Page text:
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UK 5G sensors are first to connect to factory devices

09 September, 2021

Engineers at the University of Sheffield’s Advanced Manufacturing Research Centre (AMRC) North West have designed and built a native 5G sensor designed to unlock the low latency and productivity potential of 5G in manufacturing.

“There is nothing like this available in the manufacturing sector,” says senior AMRC software engineer, Dr Aparajithan Sivanathan. “This is a fully integrated 5G device that can be connected to anything from machines, sensors, automation and robots, to building management systems.”

Dr Sivanathan is leading the £9.5m, Government-backed 5G Factory of the Future project which aims to transform manufacturing by unlocking the potential of 5G to accelerate industrial digitalisation. The two-year project includes setting up an open-access industrial testbed, a key role of which will be to connect every item of equipment on a factory floor to a 5G network.

“There is a huge appetite for 5G connectivity in manufacturing, but a major piece missing from the puzzle is the limited availability of 5G devices connecting the machines, robots and sensors,” Sivanathan explains. “5G is promising to deliver ultra-low latency – as low as 5ms – but there is currently very limited choice available to connect our industrial equipment to a 5G network.

“Existing devices are mostly consumer-grade, limited to mobile phones, USB dongles or routers, and not suitable for industrial use. Furthermore, multiple devices need to be daisy-chained to connect the industrial equipment to a 5G network – every device added to the chain introduces latency and that eventually jeopardises the original purpose.”

Zohaib Farhat, an embedded systems engineer at AMRC, led the development of the 5G sensor, which is called Ventus. “We talk about a ‘latency budget’,” he explains, “so for each device you bring into your connectivity pipeline, you are adding at least a few milliseconds of latency. What we needed to achieve ultra-low latency was our own terminal that could connect to our equipment and the 5G network directly – in effect, a native 5G device.

“No one has produced a direct integration between 5G and a device like this,” he adds. Other attempts have relied on 5G equipment being wired to robots, machines and computers to create 5G networks. “Ventus is far more advanced than this,” Farhat asserts, “because we have built 5G into the sensor, so it doesn’t need to be wired to anything else.

“Because Ventus has integrated 5G,” he continues, “we have the ultimate minimum latency – if the 5G network supports 5ms, our testbed will be able to support 5ms. We have also added a considerable amount of built-in computing power, allowing us to do some extremely low-latency processing, even before the data hits any 5G radio waves. We can use this, for instance, to compress video streams or run an FFT (Fast Fourier Transform) algorithm on vibration data.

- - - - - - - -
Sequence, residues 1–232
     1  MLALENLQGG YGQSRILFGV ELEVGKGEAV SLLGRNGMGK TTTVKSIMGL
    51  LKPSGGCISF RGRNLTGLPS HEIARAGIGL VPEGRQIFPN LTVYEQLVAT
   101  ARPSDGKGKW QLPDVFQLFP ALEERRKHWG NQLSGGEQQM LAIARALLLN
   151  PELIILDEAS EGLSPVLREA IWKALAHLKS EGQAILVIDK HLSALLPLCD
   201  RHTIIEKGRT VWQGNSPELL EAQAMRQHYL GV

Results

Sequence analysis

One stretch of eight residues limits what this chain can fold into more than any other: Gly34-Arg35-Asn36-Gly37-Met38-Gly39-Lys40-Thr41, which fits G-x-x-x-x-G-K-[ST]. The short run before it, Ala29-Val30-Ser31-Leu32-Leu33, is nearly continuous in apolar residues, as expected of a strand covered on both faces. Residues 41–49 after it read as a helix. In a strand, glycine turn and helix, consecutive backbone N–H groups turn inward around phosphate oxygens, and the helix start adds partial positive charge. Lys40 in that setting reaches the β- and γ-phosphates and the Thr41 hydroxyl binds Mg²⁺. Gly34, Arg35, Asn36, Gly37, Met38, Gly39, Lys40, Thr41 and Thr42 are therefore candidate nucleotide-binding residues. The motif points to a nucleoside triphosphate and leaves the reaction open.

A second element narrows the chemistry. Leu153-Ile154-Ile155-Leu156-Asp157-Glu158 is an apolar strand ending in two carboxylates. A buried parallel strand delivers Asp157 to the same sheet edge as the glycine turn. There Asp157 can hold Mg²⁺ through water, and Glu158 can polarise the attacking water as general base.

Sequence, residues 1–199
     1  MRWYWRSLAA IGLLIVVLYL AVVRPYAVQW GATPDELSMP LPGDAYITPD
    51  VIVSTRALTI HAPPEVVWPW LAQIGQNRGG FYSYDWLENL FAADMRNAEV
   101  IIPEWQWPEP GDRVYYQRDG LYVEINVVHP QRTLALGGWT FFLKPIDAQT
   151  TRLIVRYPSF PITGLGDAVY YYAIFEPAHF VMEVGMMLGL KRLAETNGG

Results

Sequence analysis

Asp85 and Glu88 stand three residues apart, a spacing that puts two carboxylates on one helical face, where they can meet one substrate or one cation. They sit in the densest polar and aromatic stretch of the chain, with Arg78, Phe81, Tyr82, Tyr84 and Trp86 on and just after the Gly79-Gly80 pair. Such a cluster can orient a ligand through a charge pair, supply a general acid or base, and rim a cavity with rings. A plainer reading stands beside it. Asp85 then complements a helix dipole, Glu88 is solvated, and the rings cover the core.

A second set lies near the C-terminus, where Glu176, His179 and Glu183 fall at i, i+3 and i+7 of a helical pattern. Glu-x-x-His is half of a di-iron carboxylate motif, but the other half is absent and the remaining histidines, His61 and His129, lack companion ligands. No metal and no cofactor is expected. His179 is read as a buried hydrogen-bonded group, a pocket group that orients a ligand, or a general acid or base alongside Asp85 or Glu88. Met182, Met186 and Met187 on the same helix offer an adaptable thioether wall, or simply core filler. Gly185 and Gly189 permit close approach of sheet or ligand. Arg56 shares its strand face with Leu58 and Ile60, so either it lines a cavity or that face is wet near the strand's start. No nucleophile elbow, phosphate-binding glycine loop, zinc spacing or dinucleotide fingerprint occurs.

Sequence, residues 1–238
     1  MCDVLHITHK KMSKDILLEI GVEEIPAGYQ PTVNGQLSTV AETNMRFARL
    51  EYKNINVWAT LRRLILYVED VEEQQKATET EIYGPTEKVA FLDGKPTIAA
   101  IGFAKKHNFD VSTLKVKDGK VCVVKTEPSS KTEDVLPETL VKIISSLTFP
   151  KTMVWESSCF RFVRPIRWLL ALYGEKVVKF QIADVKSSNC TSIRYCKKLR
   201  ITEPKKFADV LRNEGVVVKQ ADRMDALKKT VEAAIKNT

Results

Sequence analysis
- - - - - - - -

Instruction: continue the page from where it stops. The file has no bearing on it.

The AMRC’s ultra-low-latency 5G sensor can immediately integrate items such as PLCs, robots or industrial PCs into 5G networks

“Even with the 5G’s increased bandwidth capabilities, some of the time-critical datastreams can be overwhelming for the network infrastructure, particularly when a large number of sensors are involved,” Farhat continues. “There is also an option to add an additional layer of security by encrypting the data before it gets handed over to the wireless modules – another means of enforcing the zero-trust policy.”

The next phase of the project will be to test the Ventus 5G sensor at a £20m testbed facility opening at AMRC North West later this year. “We are building a kind of a reference design so if any new machine comes in, we will be able to integrate it immediately into the 5G network,” Farhat explains. “Ventus is flexible and general purpose, so an industrial computer, processor, robot arm, PLC or 3D printing machine, can all become 5G enabled.”

The AMRC’s head of digital, Professor Rab Scott, believes that the work that Dr Sivanathan and his team are doing on Ventus is “a gamechanger”.

“The removal of milliseconds of latency in the manufacturing process may not sound a lot,” he says, “but it can be the difference between success and failure, between a perfect part and a scrap part.

“5G communications have the potential to accelerate huge productivity improvements of the UK’s manufacturing sector and to ensure that manufacturing does its part in the UK’s drive towards net-zero – and Ventus is a trailblazer for the sector.”

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